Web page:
Editorial Encore: Gratitude should not be reserved for Thanksgiving

Practice being thankful for the good things — big and small — year-round

It’s as much a Thanksgiving tradition as turkey and stuffing and cranberry sauce: Naming the thing — or things — you are grateful for. (After all, it is Thanksgiving.)

It can be hard to pin down what we’re grateful for in a normal year, but after nearly two years of upheaval and illness, chaos and loss, it can be even harder to find something to be thankful for.

There are the big things, of course, for those lucky enough to experience them: Adding a new family member — two-legged or four — by adoption, birth, marriage, etc.; a new job or a job change; a financial windfall; a milestone event, like graduation or a special birthday or anniversary; and more.

It’s much harder to have gratitude when all the “big” things that happened this year aren’t things for which you’re grateful: A death in the family; poor health; losing a job or an opportunity; a relationship ending; missing out on an important event. The list could continue, but we’d rather not dwell on the sad on a day meant for seeing the good.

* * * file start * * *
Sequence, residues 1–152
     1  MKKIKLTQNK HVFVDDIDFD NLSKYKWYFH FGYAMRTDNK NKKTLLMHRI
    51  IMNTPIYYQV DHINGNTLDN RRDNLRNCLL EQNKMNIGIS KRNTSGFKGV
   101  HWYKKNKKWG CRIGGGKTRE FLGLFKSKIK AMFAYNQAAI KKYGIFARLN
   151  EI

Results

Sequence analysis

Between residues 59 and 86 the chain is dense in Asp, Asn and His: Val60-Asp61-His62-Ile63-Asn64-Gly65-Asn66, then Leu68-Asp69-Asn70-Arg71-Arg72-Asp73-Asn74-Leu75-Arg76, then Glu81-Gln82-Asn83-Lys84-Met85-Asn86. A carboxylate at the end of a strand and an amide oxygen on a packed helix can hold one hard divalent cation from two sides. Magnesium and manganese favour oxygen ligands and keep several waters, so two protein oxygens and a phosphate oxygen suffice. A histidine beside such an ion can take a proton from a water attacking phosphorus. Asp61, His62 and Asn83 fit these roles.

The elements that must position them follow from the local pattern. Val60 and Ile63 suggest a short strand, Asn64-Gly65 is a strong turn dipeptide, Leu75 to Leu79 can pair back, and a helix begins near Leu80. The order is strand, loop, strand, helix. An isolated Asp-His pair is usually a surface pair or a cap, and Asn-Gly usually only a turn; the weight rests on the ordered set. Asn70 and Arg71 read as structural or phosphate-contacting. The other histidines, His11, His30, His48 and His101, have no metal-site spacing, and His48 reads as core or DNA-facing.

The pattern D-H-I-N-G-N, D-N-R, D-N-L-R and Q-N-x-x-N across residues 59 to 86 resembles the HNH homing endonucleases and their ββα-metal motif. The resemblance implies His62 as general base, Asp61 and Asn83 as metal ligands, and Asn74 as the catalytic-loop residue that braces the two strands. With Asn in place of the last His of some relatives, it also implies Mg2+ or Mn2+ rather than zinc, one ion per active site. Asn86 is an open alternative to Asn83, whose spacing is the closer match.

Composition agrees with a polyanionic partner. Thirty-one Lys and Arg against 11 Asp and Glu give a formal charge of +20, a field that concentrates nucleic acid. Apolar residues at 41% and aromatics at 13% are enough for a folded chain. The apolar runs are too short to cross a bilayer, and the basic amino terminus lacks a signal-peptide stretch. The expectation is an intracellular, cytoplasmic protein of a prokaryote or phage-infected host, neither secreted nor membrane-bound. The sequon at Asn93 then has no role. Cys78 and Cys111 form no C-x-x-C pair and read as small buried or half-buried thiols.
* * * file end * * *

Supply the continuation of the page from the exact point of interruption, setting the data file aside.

Gratitude is as much a practice as it is an emotion, and practicing gratitude takes effort. When there isn’t a “big” thing to be thankful for, find something small: A perfect cup of coffee; a funny meme; sunshine on an otherwise miserable day; a smile from a stranger; a found penny; a task accomplished; a beautiful view; a favorite song on the radio; a pleasant conversation; a shorter than normal commute. There are millions of tiny blessings in our days that we often don’t even notice. Or, we allow one medium-sized “bad” thing to wipe away all the good.

For those with the discipline to use one, there are gratitude journals that encourage users to write down something they are thankful for every day. It’s a good sentiment — a reminder that, even on the worst days, something good happens.

On this Thanksgiving — no matter if you are spending it with family or friends or alone or at work — take a moment to close your eyes and think about at least one thing that has made you happy recently or brought a blessing into your life, let gratitude fill you and say a silent thank you.

EDITOR’S NOTE: This editorial originally published Nov. 25, 2021.